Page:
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Industrial research of natural-fibre biocomposites with flame-retardant properties for the rail sector

Project partners
1 technology centre and 4 companies


Development of non-structural inner train parts made out of from thermosetting resins and reinforcements from renewable sources (hemp, flax) as an alternative to glass fibres. In order to reduce the fire limitations of natural fibres, the use of nanotechnology to maximise the structures’ flame retardancy was studied.


The project focused on the manufacturing of driver centre consoles, though the aim in the future is to expand the application of these biomaterials to other parts, such as the cabin-compartment partition wall, connecting passenger compartment doors and the cupboards and coatings used on the roof and windows. Biomaterials have a number of advantages that traditional materials do not have, since they come from renewable sources, they are abundant and inexpensive, they are lightweight and also have good mechanical, thermal and acoustic insulating properties, their manufacturing cost is lower and contaminating emissions are reduced during their manufacture.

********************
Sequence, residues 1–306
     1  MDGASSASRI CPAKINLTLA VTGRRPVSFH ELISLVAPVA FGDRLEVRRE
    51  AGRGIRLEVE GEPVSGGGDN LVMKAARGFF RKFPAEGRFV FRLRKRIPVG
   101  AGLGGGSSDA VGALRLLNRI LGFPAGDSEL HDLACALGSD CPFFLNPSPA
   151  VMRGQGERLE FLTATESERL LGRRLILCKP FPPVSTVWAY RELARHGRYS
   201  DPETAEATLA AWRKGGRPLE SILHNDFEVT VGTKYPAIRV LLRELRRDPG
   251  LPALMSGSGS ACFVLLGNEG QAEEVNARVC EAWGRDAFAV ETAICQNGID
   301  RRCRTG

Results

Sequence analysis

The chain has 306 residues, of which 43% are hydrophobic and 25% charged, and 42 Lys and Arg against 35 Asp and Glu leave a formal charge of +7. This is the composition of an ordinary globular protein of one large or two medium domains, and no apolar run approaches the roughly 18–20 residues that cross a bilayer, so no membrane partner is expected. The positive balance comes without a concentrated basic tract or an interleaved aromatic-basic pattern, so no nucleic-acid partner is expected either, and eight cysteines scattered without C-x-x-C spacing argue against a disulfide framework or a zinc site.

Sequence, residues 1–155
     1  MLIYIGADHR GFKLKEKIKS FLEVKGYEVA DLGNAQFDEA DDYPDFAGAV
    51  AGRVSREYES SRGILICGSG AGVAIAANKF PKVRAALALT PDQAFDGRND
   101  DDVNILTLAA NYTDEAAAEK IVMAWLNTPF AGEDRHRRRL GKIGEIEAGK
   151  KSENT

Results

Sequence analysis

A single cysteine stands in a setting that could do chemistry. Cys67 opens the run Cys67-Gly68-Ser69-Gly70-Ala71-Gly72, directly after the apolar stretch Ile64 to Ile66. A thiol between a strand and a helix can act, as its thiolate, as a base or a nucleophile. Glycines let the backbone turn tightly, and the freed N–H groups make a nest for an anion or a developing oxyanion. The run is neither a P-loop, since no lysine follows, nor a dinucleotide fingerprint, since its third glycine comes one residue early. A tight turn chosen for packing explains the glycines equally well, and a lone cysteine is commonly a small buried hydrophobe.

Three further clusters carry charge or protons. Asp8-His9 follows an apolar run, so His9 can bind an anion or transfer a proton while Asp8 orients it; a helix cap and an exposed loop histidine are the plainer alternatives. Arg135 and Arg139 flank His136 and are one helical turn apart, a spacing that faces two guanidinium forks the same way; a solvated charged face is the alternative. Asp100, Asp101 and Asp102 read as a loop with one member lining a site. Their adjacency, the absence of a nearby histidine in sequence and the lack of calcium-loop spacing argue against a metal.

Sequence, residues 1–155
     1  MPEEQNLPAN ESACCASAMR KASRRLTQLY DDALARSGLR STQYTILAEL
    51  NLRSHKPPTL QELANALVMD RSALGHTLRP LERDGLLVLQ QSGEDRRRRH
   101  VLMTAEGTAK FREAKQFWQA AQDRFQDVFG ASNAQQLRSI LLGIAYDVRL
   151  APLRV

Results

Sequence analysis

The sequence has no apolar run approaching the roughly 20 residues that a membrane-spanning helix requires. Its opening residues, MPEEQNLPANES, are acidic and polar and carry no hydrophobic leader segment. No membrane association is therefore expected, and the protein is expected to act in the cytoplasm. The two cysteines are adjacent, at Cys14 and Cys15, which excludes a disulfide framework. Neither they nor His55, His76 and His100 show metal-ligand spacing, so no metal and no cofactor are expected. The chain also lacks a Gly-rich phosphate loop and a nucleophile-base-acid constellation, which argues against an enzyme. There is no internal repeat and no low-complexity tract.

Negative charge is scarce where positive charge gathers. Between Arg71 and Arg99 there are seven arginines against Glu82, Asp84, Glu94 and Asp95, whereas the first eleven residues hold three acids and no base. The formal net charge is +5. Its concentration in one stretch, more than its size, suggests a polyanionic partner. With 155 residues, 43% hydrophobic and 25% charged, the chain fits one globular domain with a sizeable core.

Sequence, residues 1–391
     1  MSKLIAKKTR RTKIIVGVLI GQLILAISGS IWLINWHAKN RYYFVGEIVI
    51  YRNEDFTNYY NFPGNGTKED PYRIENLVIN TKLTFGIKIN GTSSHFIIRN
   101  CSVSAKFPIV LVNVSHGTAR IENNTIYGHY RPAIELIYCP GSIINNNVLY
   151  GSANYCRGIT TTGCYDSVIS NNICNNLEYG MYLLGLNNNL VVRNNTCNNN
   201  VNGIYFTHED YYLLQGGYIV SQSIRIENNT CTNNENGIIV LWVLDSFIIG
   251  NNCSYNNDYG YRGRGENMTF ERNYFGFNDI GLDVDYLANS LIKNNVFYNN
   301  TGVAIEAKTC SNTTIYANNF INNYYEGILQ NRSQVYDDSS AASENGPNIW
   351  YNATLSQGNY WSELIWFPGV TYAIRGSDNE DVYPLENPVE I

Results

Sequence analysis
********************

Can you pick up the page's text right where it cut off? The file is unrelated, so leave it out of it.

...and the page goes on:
The project involved designing and developing the parts, and at a later research stage, the new materials were evaluated to ensure they complied with the properties required, thus guaranteeing better properties than currently used plastics. This included checks on how parts reacted to sunlight and cleaning products.


Automotive and Transport
Climate change
Sustainable mobility
Advanced materials
Sustainable materials